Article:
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Guicing Up Hudson: Making Life Easier for Developers with JSR-330

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Today we started rolling out the first of our proposed JSR-330 Dependency Injection changes to Hudson back into the Hudson community. We’re giving it back because we think it is going to make a huge difference for Hudson’s future development. As more and more libraries move to JSR-330, we’re going to see a lot of possibilities open up because of these changes. With today’s donation, we’re making it easier to extend Hudson, we’re reducing the effort required to write a Hudson plugin, and we’re helping to put in a new foundation for the next level of Hudson interoperability and performance.

What does this mean for you as an end-user?

Guice is emerging as a lightweight Dependency Injection standard. We’ve moved the core of Maven to Guice over the past two years and it has dramatically increased performance and opened up possibility for integration with other tools and libraries. Since Guice is implementing JSR-330 standards, what we’re really doing with this effort is moving Hudson to a more standard, more maintainable architecture. As an end-user, you will likely notice increased stability as the core becomes more modular, easier to maintain and test. You should also expect greater integration with other tools that can speak the JSR-330 standard. This includes components that use both Guice and the Spring Framework.

Our Plan for JSR-330 Integration Going Forward

We’ve been working on decoupling both our JSR-330 and JAXRS work from our commercial version of Hudson for a couple of months. Our current focus is to allow Hudson plugins to take advantage of the JSR-330 Dependency Injection standard and then work toward using JSR-330, via Guice, in the core of Hudson itself. We have opened the Github repository containing the Hudson JSR-330 work which also contains a small example of a [Hudson Plugin written using JSR-330].

We’ve been using this new Hudson JSR-330 mechanism to create our JAX-RS (RESTful Web) integration, and our Maven 3.x integration. We will be working as fast as we can to propose and deliver our JSR-330 integration, JAX-RS integration, and our Maven 3.x integration back to the Hudson Community. Stuart McCulloch, who has been working on our Guice strategy, will be doing this work and following up with proposals on the Hudson Development list. Jeanfrancois Arcand is working on a REST framework, based on Jersey, that we will be proposing for integration into Hudson which is how we see webservices working in Hudson going forward.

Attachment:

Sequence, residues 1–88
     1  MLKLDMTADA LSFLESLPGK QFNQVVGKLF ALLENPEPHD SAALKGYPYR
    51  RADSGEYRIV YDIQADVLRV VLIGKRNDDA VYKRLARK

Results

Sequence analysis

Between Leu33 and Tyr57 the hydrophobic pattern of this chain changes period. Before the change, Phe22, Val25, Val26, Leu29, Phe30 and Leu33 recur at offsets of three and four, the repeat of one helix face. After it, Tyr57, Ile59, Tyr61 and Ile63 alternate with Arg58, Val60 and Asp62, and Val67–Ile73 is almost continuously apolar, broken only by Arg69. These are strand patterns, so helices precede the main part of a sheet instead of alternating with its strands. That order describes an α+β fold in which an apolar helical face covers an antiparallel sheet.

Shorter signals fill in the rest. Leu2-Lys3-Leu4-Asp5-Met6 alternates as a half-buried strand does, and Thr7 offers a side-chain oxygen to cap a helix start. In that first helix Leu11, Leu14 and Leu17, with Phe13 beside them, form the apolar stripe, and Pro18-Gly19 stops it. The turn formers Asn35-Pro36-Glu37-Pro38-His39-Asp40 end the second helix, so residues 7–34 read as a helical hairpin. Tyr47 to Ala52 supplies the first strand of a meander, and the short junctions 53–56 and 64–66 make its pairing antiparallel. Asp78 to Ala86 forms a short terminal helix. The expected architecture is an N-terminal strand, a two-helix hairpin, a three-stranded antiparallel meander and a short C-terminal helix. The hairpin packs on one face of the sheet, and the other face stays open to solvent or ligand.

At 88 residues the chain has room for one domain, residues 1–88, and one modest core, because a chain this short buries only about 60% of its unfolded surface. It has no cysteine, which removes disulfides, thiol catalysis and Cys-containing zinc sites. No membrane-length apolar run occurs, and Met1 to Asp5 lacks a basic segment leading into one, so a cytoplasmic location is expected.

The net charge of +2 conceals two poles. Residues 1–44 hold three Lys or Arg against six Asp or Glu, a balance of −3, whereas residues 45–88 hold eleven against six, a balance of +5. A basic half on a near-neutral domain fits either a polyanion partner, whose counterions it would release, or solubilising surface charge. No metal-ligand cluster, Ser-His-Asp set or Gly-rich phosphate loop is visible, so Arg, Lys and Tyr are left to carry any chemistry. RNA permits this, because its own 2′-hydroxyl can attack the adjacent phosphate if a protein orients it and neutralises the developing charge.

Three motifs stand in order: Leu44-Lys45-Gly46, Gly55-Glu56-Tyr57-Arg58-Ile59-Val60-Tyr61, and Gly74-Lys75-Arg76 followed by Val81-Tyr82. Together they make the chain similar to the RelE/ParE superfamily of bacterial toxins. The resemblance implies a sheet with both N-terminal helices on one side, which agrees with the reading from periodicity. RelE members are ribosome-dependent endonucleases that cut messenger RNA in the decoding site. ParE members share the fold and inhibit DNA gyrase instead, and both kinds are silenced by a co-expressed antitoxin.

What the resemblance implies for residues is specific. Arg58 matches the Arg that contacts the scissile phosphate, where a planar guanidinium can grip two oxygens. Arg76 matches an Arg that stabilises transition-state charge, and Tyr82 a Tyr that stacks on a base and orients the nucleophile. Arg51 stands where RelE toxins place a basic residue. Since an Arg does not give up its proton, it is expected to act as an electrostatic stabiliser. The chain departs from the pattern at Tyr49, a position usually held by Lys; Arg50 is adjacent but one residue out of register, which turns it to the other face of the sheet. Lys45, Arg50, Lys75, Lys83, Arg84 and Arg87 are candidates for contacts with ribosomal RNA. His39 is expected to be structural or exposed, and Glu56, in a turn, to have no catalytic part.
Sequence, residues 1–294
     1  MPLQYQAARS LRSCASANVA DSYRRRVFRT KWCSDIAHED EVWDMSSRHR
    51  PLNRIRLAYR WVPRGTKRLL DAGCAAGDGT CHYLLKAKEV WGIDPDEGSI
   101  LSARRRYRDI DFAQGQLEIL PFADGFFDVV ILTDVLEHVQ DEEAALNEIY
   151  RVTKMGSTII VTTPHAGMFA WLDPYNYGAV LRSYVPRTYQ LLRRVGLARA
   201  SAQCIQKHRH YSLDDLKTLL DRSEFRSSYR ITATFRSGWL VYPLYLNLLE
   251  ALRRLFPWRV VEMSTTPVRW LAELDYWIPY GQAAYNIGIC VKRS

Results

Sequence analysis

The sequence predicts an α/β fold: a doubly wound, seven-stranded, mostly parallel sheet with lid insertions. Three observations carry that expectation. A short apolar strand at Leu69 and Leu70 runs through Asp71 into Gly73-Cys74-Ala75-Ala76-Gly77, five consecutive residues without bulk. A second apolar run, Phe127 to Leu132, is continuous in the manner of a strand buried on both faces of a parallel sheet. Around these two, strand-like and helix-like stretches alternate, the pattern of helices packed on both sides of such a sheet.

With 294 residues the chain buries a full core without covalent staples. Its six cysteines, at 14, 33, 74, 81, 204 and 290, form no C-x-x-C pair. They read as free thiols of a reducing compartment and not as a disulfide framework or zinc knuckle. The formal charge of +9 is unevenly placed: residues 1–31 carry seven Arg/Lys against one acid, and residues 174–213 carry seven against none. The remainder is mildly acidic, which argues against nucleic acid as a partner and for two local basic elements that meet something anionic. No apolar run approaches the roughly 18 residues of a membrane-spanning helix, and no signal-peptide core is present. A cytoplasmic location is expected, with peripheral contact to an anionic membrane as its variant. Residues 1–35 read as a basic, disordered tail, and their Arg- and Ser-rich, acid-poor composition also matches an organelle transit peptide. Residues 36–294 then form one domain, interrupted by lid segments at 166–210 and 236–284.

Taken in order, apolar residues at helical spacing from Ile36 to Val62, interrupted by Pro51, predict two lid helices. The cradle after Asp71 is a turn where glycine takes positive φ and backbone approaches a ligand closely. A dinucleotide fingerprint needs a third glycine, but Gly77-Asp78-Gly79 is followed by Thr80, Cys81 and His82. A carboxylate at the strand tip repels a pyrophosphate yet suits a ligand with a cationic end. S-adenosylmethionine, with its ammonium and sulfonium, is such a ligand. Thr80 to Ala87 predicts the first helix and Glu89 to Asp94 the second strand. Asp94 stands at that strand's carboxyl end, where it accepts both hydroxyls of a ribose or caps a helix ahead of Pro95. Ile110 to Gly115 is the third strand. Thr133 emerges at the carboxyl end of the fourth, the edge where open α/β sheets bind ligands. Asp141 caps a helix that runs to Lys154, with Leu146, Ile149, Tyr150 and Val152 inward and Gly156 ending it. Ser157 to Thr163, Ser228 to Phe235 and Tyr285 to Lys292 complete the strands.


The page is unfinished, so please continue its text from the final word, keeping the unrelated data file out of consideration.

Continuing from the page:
Our GWT-based UI for our Maven integration relies upon these REST services, and our GWT-based Maven 3.x builder also uses JAX-RS as a communication channel back to the server. While it is unlikely that we will be able to stop using Jelly completely in the near future, this work will set the stage for a Hudson that is based entirely on RESTful web services. This isn’t easy work, we’re trying to set the foundation for future UI while maintaining compatibility for plugins that continue to use Jelly. Jeanfrancois is also looking at the integration of Atmosphere to make the standard pages in Hudson more efficient with respect to communication to the server.

So this is just the start of what we said we would deliver. More pieces will be released as they are ready. If you are interested, please take a look at the JSR-330 integration work we’ve done and look forward to more posts about JSR330 next week! If you have any feedback, please provide your comments or email questions. We’re excited about the work that has been done and the work yet to come.



Published at DZone with permission of Jason Van Zyl, author and DZone MVB.

(Note: Opinions expressed in this article and its replies are the opinions of their respective authors and not those of DZone, Inc.)



Jonathan Fisher replied on Fri, 2011/02/11 - 9:09am

Can someone explain why cdi and jsr330 both exist? Seems life they do the same thing... Does the weld project do anything with jsr330?

Ludovico Fischer replied on Fri, 2011/02/11 - 12:12pm

CDI is kind of a superset of JSR 330.

cowwoc replied on Fri, 2011/02/11 - 4:39pm

This article reads like a long list of meaningless buzzwords. JSR-330 and DI in general does not magically make code faster. It's all about a programming design, not about performance improvements. Nor do I understand how DI is useful to end-users of Hudson. Who cares?

Jonathan Fisher replied on Sat, 2011/02/12 - 9:44am in response to: Ludovico Fischer

Thanks, I found a pretty good reference on wikipedia... Hopefully jsr 330 can be used toreduce the bloat... I'm really glad sonatype is getting involved too, nexus is pretty awesome.

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